Ah I see. That makes sense.
And it doesn't have to anything with the read requests going on in parallel 
with write requests, right?
I mean we read the data from memtable depending on whatever has been written 
into memtable so far and return it to the client (of course including SSTable 
read and timestamp comparison etc.)

-----Original Message-----
From: Benedict Elliott Smith [mailto:bened...@apache.org] 
Sent: Tuesday, February 13, 2018 2:25 PM
To: dev@cassandra.apache.org
Subject: Re: Use of OpOrder in memtable

If you look closely, there can be multiple memtables extant at once.  While all 
"new" writes are routed to the latest memtable, there may still be writes that 
have begun but not yet completed.  The memtable cannot be flushed until any 
stragglers have completed, and some stragglers *may* still need to be routed to 
their designated memtable (if they had only just begun when the flush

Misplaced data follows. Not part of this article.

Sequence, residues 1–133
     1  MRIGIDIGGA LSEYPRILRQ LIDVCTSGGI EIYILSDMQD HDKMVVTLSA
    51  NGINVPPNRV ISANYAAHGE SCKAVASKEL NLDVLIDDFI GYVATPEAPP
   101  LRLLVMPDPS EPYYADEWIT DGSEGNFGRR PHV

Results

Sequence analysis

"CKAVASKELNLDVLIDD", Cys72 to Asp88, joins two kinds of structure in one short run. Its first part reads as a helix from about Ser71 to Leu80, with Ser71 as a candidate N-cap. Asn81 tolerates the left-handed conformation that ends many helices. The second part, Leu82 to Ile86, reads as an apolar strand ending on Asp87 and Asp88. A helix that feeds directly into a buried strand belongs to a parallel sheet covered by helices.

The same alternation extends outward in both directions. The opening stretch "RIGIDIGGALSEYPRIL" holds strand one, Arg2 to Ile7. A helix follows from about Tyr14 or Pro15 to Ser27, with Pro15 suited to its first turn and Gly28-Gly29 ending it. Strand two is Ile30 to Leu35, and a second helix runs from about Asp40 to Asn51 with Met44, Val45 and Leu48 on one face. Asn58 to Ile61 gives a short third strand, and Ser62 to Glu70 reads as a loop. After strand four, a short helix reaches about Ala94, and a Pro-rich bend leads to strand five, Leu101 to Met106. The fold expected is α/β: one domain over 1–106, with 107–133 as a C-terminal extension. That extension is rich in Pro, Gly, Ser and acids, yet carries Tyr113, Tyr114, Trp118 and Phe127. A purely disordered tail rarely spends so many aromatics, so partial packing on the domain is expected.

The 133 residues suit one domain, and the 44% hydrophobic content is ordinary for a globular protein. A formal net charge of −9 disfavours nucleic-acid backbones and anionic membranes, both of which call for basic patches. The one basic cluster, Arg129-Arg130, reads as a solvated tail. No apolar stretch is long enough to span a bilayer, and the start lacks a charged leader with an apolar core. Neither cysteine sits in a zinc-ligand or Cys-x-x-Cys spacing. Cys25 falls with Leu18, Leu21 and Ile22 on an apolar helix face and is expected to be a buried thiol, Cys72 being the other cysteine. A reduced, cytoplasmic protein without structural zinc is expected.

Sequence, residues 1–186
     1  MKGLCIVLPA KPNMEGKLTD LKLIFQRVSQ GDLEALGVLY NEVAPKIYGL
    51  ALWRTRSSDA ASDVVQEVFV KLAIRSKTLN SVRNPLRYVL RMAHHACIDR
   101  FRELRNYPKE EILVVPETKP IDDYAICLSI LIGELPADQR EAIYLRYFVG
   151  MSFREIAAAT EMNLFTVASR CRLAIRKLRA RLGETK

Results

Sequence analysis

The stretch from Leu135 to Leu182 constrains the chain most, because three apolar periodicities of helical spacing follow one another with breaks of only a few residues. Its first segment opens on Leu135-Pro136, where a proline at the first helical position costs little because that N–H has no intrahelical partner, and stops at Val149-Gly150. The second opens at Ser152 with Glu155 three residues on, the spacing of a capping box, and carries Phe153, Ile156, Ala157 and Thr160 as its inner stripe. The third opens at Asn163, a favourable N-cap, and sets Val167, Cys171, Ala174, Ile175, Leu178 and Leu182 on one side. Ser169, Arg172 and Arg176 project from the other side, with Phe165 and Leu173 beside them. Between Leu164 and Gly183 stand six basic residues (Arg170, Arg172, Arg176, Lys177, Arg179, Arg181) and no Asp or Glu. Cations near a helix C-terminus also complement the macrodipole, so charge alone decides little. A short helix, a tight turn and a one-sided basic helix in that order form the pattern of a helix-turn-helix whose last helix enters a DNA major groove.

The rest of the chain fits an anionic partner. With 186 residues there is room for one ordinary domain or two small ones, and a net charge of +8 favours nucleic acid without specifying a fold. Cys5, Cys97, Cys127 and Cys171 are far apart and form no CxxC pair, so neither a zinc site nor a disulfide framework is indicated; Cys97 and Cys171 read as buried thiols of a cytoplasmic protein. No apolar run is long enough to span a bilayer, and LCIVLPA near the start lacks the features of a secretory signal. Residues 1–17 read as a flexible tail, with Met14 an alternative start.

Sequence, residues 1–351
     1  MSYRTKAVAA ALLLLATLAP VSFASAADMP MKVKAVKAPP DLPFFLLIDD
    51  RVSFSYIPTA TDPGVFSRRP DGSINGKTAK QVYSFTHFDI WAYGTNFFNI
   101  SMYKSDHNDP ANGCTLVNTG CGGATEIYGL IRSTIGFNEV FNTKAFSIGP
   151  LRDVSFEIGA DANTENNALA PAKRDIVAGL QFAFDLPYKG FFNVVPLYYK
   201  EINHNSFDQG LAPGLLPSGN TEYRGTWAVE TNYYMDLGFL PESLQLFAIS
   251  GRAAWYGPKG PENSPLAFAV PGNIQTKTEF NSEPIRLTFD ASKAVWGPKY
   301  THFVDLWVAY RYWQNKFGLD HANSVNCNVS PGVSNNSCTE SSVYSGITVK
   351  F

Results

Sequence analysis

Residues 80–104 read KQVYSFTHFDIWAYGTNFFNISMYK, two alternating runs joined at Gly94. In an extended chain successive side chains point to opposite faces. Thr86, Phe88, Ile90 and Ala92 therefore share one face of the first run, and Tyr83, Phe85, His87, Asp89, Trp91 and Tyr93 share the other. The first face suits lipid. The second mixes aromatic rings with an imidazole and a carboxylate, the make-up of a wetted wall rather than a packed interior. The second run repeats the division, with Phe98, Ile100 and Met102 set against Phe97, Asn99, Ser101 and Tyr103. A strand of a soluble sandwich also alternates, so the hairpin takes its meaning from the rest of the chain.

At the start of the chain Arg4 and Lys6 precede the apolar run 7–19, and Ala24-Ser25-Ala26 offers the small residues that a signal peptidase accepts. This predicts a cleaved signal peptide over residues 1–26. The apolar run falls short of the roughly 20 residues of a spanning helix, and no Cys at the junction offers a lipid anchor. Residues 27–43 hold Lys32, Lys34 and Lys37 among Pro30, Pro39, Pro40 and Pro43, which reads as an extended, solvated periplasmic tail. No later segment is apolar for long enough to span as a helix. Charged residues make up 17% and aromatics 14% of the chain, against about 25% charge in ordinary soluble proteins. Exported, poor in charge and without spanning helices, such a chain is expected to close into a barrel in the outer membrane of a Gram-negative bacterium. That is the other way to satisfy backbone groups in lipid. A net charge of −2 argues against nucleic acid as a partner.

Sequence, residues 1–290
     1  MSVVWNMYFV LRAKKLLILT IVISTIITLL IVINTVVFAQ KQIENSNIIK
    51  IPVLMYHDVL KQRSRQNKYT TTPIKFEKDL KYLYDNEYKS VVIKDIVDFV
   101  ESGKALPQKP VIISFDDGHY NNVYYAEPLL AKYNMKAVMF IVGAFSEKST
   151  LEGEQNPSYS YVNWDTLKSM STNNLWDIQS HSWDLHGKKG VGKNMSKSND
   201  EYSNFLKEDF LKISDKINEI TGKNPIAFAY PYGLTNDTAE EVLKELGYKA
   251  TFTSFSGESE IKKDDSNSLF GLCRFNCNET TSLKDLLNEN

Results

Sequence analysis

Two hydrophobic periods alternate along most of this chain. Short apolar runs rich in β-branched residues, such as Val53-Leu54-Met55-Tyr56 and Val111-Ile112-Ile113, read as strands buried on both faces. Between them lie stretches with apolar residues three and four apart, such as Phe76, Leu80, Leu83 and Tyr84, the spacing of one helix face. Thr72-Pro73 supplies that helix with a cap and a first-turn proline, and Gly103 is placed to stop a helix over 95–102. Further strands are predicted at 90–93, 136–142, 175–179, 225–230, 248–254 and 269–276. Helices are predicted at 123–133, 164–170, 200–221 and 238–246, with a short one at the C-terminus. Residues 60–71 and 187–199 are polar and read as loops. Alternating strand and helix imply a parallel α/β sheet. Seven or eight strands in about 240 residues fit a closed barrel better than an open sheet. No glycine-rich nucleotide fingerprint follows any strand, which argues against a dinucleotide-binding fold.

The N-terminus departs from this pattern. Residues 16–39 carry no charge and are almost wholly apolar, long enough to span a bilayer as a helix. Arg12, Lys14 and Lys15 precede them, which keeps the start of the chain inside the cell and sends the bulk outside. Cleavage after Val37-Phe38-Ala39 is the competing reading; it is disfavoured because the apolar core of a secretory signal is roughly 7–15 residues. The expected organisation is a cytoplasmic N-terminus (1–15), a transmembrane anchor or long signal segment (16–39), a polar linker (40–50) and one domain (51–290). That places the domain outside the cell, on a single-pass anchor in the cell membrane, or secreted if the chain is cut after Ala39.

triggered).  It helps avoid these race conditions on either side of the 

On 13 February 2018 at 22:09, Tyagi, Preetika <preetika.ty...@intel.com>

> Hi all,
> I'm trying to understand the behavior of memtable when writes/flush 
> operations are going on in parallel.
> In my understanding, once a memtable is full it is queued for flushing 
> and a new memtable is created for ongoing write operations.
> However, I was looking at the code and it looks like the OpOrder class 
> is used (don't understand all details) to ensure the synchronization 
> between producers (writes) and consumers (batch flushes).
> So I am a bit confused about when exactly it is needed. There will 
> always be only one latest memtable for write operations and all old 
> memtables are flushed so where this producer/consumer interaction on 
> the same memtable is needed?
> Thanks,
> Preetika

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